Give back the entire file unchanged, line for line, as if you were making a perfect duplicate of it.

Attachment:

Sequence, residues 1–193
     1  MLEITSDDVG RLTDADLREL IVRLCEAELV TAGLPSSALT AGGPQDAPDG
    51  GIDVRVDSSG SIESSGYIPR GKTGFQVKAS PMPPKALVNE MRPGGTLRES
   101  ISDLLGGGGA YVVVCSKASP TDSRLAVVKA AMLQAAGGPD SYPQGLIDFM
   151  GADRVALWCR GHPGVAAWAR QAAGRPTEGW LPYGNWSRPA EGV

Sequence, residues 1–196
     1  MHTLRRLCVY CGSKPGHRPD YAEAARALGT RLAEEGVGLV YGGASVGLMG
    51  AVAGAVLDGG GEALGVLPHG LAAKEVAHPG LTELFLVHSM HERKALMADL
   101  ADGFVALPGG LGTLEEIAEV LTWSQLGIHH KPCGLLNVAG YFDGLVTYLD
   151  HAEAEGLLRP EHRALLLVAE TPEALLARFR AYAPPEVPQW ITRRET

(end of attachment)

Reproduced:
Sequence, residues 1–193
     1  MLEITSDDVG RLTDADLREL IVRLCEAELV TAGLPSSALT AGGPQDAPDG
    51  GIDVRVDSSG SIESSGYIPR GKTGFQVKAS PMPPKALVNE MRPGGTLRES
   101  ISDLLGGGGA YVVVCSKASP TDSRLAVVKA AMLQAAGGPD SYPQGLIDFM
   151  GADRVALWCR GHPGVAAWAR QAAGRPTEGW LPYGNWSRPA EGV

Sequence, residues 1–196
     1  MHTLRRLCVY CGSKPGHRPD YAEAARALGT RLAEEGVGLV YGGASVGLMG
    51  AVAGAVLDGG GEALGVLPHG LAAKEVAHPG LTELFLVHSM HERKALMADL
   101  ADGFVALPGG LGTLEEIAEV LTWSQLGIHH KPCGLLNVAG YFDGLVTYLD
   151  HAEAEGLLRP EHRALLLVAE TPEALLARFR AYAPPEVPQW ITRRET